The Annual Yoknapatawpha Arts Council Holiday Ornament Auction is scheduled for Thursday, December 6, from 7:00 p.m. to 9:00 p.m. at the Powerhouse.
Festivities include tastings provided by local restaurants, holiday wine and cocktail tastings, and an auction of ornaments made by Oxford artists.
Food will be provided by:
– Main Event Catering
– Party Waitin’ To Happen
– Taylor Grocery
– Two Stick
– LBs Meat Market
– Maharaja Indian Cuisine
– Honey Bee Bakery
Admission is free for all YAC members (membership info can be found online at oxfordarts.com or by calling 662-236-6429). Proceeds from the event go to benefit the Arts Council in its effort to promote the arts and provide access to the arts for residents of Lafayette County.
Lots of activities going on this Saturday; get outside and check them out!
The Mid-Town Farmers’ Market opens Saturday from 7:00 a.m. to 11:00 a.m. The first Saturday of each month (including tomorrow) will be a children’s day conducted by Sue Castens, with face painting and other fun activities beginning around 8 a.m. The Wednesday market will start on May 9th (8:00 a.m. to 1:00 p.m.). For information about the vendors, see the market website here.
The Plein Air Montessori School is holding its 3rd Annual Kidfest from 9:00 a.m. to 1:00 p.m. in Taylor with food, music, carnival games, moon bounces, face painting, stories on the stage, dancing and more.
Taylorpalooza, the YAC annual membership picnic, is this Saturday from 5:00 p.m. to 8:00 p.m. on the grounds of Plein Air in Taylor. There will be live music on the lawn and a family cookout sponsored by Polk’s Meat and Party Waitin’ to Happen. The picnic is free to members of the Arts Council.
The World’s Largest Crappie Festival is happening in Water Valley on Saturday with food, music, games, and, of course, the crappie weigh in! Check out the festival website for event highlights.
A Best Bartender in Oxford Contest will be held May 17th-May 24th with ballot card proceeds benefiting YAC and The Oxford Pantry. The Best Bartender Team will be visiting bars on Tuesday, May 17th, distributing gifts and selling ballots for $1.00. Ballots can also be picked up at 208, Soulshine Pizza Factory, Proud Larry’s, Burgundy Room, South Depot Taco Shop, Irie, Funky’s, Parrish’s, Two Stick, Blind Pig, and Volta Taverna.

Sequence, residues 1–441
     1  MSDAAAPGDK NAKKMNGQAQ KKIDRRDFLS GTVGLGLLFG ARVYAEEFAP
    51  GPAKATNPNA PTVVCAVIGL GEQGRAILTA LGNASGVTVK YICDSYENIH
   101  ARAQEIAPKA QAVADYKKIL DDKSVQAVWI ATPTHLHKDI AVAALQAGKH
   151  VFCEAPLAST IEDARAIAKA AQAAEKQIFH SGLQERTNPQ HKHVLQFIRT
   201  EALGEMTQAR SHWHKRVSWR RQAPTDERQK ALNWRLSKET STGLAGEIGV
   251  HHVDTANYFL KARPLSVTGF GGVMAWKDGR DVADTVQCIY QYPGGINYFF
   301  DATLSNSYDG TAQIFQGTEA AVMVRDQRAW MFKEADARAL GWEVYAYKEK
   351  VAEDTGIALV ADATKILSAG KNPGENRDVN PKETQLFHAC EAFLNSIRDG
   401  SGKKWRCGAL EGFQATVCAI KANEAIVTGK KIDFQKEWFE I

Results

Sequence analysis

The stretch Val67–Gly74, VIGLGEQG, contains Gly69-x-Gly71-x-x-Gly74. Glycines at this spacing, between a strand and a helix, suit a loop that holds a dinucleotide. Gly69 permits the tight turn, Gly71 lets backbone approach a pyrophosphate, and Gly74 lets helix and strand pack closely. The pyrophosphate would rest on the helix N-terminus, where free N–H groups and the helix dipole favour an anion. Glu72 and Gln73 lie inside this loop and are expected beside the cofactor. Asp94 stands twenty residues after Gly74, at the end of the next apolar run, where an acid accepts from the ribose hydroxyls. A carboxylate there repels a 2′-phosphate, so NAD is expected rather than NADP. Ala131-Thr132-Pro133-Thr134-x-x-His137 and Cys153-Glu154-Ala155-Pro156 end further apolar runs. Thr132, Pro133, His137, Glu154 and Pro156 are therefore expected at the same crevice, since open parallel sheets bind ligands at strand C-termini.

Fill out your ballots, rating your favorite bartenders according to skill, style, and personality while enjoying drinks and appetizers. Ballots will be entered into a drawing for $25 gift certificates to participating establishments.
For more info, see the Facebook invite here.
UPDATE: Chris Senko from Irie won the contest along with $100 and a bottle of Cathead vodka.
For St. Patrick’s Day, Beth Ziegenhorn from YAC submitted a story and cabbage recipe for EatingOxford.com readers.
Tradition – Shmadition
By Beth Ziegenhorn
How to be Meatless on the Greenest Day of the Year.
I’ve recently challenged myself by becoming a vegetarian, but just for the span of the next 40 days. St. Patrick’s Day is my dilemma because it just doesn’t seem like March 17th without corned beef and cabbage. Then I got to thinking about it: What made corned beef and cabbage popular in the first place, anyway? How does one eat cabbage without corned beef? Why would someone want to eat cabbage?
Well, for one, corned beef and cabbage is an Americanized version of the St. Patrick’s Day meal. Brief history lesson: corned beef was made popular in New York bars when it was offered as a “free lunch” to Irish construction workers who were building NYC in the early 20th century. To get this “free lunch” you had to buy a couple of beers or shots of whiskey. That’s how corned beef became known as an Irish food.
Since corned beef and cabbage is now this staple to Americanized-St. Patty’s Day, it still feels necessary to at least eat some cabbage. The good thing is, cabbage is a great source of vitamin C, fiber, vitamins, minerals and antioxidants. It’s also great for weight loss. The only cabbage recipes that I would use come from community cookbooks, and Square Table Cookbook has a smashing Red Cabbage Casserole that’s beyond easy to make and could double as a wonderful accompaniment to corned beef.
Red Cabbage Casserole
(Makes 6 servings)
- 1 medium red cabbage, shredded
- 1 small onion, chopped
- 3 medium apples, peeled, cored and chopped
- ¼ cup red wine vinegar
- ¼ cup water
- 2 tablespoons firmly packed dark brown sugar
- Freshly ground black pepper to taste
- 2 tablespoons unsalted butter
Preheat oven to 300 degrees. In a large bowl, combine all ingredients except butter. Place in a large buttered casserole. Dot with butter. Cover and bake for two hours.
*Permission to use the Red Cabbage Casserole recipe granted by the Yoknapatawpha Arts Council. Square Table Cookbook is a community cookbook and a fundraiser for the Yoknapatawpha Arts Council and can be ordered at www.oxfordarts.com/shop. For more recipes check out: aroundthesquaretable.blogspot.com.